A few minutes ago, we received another sign that the NFL season is, indeed, just a few days away.
The Vikings released their first injury report of the season, and three guys did not practice today.
Linebackers Brandon Watts (knee) and Michael Mauti (foot) did not practice, nor did fullback Zach Line (ankle). Newly-acquired offensive tackle Michael Harris (shoulder) was a limited participant. Cornerback Jabari Price (shoulder) and wide receiver Rodney Smith (neck) were full participants.
It is also an encouraging sign that nose tackle Linval Joseph (calf) right tackle Phil Loadholt (ankle) and outside linebacker and top pick Anthony Barr (ankle) weren’t even listed on the injury report.
As for the Rams, cornerback Trumaine Johnson (knee) and center Barrett Jones (back) did not participate. Four players, including starting left tackle Jake Long (knee) were limited in practice.
Matt Cassel knows that Teddy Bridgewater is waiting in the wings. He knows that the Vikings didn’t draft the kid in the first round to hold a clipboard forever. But as Cassel prepares to start the season opener against the St. Louis Rams, Cassel says he can’t play well while looking over his shoulder.
“You can’t play the way,” the 10-year veteran said today. “You can’t worry that if I make a mistake, what’s going to happen next? You’ve got to go out and play the game to the best of your ability. I think Teddy does have a tremendous future, but hopefully, as long as I’m here, he’s not playing.”
Cassel didn’t falter with Bridgewater nipping at his heels early in training camp. He played well in the first two preseason games to pull away from Bridgewater, who struggled a bit in the preseason opener. Cassel completed 66.7 percent of his preseason passes for 367 yards and two touchdowns. He averaged 9.4 yards per attempt — nearly four yards better than what Bridgewater averaged.
Head coach Mike Zimmer knows he must walk a tightrope at quarterback. He wishes he could hold Cassel and Bridgewater to the same standard as he plans to hold the other positions, and go with whoever is playing best at that point in time. But he acknowledged that the ripple effect is more significant when changing quarterbacks than when changing out starters at other positions.
“That’s something you have to consider,” Zimmer said. “With every position, even with the middle linebacker or the safety, you don’t want to make, as you say, a knee-jerk decision just because they don’t play well one day or do the things you think they’re capable of. I think you still have to go on what you see every day in practice and what you see in the preseason.”
That’s why Zimmer said he doesn’t foresee the Vikings making a change early in the season.
“I know the fans are excited about Teddy. I’m excited about Teddy,” Zimmer said. “But we have to do what’s best for the football team at this point in time and what’s best for the future. … As you know, coaches’ futures aren’t necessarily very long. I’m always trying to try to think between the now and the future and what’s best for this organization as we go down the road.”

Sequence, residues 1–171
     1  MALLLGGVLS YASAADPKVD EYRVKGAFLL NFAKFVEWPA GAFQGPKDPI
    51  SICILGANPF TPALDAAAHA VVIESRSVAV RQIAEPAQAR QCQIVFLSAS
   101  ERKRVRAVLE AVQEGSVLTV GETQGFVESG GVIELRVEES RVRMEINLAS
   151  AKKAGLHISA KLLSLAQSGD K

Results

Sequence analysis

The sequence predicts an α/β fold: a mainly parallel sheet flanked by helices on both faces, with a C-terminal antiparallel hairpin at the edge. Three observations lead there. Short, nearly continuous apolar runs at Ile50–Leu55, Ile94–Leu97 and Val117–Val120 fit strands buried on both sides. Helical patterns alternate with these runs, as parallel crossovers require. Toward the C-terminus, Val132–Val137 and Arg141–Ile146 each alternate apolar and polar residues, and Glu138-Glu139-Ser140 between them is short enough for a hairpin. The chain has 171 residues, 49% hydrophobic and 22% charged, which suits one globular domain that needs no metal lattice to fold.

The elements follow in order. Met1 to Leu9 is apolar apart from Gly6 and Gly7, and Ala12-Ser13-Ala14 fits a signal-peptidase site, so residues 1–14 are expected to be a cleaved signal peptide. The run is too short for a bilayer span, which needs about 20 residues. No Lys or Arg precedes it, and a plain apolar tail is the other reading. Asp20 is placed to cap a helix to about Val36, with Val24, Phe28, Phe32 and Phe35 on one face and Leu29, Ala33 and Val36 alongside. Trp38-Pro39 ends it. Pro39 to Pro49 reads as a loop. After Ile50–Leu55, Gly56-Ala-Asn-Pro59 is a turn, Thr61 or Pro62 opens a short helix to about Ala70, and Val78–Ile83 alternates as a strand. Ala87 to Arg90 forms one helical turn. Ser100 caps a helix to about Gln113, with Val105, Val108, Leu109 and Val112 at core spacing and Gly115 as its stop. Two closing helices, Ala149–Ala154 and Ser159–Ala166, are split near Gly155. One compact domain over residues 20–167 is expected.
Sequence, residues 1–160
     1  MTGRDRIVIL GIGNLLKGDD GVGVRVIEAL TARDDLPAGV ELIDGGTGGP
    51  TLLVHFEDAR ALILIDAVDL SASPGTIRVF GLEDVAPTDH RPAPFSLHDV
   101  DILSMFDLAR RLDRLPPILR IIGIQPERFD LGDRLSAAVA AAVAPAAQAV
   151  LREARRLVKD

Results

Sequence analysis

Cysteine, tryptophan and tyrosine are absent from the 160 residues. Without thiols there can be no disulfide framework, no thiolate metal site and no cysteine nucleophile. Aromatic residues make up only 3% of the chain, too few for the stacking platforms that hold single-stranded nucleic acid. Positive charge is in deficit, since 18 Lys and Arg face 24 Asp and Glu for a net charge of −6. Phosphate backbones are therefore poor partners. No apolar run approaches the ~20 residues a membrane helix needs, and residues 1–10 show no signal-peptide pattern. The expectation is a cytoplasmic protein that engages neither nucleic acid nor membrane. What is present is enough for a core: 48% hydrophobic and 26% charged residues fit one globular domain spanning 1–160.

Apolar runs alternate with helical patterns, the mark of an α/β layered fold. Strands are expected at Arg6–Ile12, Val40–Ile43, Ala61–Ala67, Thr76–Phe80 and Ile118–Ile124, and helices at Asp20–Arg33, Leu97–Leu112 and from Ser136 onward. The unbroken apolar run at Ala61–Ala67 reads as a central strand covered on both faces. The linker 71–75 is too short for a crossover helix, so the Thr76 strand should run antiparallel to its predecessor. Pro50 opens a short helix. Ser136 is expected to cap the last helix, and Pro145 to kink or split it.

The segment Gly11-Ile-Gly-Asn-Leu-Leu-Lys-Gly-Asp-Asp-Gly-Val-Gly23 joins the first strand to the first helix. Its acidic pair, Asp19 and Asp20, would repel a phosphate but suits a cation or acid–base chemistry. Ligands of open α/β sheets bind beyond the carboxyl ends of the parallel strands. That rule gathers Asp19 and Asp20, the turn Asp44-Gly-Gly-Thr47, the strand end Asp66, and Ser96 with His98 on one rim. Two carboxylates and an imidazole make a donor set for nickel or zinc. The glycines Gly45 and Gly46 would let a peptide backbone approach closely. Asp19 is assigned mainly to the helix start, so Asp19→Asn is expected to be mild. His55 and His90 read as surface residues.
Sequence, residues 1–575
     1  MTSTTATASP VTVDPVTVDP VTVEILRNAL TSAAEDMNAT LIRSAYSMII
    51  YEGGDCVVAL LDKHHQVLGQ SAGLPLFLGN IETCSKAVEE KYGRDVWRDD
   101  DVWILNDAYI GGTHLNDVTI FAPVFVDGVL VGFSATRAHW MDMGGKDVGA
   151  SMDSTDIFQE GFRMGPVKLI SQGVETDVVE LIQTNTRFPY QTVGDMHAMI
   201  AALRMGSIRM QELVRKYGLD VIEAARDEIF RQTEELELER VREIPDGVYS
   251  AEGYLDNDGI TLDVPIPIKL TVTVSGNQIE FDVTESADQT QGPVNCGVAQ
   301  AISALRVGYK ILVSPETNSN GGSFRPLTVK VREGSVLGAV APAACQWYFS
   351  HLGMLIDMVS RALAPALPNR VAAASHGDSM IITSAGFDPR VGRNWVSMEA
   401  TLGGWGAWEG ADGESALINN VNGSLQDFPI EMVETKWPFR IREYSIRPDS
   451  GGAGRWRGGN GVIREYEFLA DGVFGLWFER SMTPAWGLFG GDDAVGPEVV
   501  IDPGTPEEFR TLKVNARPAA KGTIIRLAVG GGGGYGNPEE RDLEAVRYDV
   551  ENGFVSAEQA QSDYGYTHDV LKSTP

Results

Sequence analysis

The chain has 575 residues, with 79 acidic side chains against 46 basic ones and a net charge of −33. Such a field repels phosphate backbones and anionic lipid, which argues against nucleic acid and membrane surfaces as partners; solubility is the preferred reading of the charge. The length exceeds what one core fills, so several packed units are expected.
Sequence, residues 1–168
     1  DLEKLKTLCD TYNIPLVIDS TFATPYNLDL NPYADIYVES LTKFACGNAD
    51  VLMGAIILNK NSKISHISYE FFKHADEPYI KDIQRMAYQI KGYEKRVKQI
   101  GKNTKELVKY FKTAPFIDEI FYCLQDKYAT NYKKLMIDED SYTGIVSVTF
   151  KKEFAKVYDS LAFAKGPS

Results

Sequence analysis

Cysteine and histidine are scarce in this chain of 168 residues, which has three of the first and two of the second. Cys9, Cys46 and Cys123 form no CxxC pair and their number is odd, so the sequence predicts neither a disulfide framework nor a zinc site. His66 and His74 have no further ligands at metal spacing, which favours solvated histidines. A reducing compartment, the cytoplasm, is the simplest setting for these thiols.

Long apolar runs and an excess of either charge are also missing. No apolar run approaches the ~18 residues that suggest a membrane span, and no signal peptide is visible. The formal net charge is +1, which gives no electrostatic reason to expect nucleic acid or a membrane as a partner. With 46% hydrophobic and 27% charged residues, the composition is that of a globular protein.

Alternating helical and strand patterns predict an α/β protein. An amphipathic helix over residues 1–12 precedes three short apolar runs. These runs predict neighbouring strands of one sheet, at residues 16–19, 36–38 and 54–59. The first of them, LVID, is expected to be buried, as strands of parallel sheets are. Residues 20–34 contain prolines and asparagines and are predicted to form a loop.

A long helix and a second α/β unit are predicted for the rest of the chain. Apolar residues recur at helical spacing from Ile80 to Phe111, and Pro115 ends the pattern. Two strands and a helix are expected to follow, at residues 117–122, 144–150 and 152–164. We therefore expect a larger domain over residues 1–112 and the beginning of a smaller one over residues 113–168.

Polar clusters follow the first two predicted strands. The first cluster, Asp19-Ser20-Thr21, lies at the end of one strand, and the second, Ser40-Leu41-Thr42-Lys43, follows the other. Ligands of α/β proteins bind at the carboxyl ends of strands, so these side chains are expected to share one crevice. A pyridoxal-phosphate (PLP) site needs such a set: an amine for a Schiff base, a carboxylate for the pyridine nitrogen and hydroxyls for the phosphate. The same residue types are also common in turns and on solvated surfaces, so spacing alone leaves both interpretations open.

After weeks of being asked who his starting middle linebacker and strong safety will be, Vikings coach Mike Zimmer beat reporters to the punch at the start of his press conference this morning.
“I know you all want to know who the starting Mike linebacker is,” Zimmer said. “It’s Jasper Brinkley, so I don’t get that question asked anymore. At strong safety, [it's] Robert Blanton. OK? We good?”
Whew. Yes, indeed.
But this might not be the last time this subject comes up. Blanton received far less than a glowing endorsement and Brinkley was pushed hard by Audie Cole, a promising prospect with a different skill set than Brinkley’s.
“It’s a one-week deal; one week at a time,” Zimmer said when asked specifically about the middle linebacker job. “If they play good, they keep playing. So I think the defensive team feels comfortable with Jasper making the calls. He’s been lining up with the first group since the first day. In a game like this, it’s nice to be settling in. Everything nice and smooth and hearing the same voices and stuff like that.
Asked why he picked Blanton, Zimmer answered in a way that won’t hurt his image as a straight shooter.
“He probably made less mistakes than anybody,” Zimmer said. “He’s got some cover skills. And all those safeties, we probably didn’t see them enough because of injuries or whatever. But Robert is a good kid, a smart kid. We’ll see how he does. Hopefully, he’ll do well.”
Brinkley, Zimmer said, got the starting job this week in part because of his run-stopping ability. The Rams lost starting quarterback Sam Bradford to a torn ACL and probably will be leaning more on its running game when they face the Vikings at home on Sunday.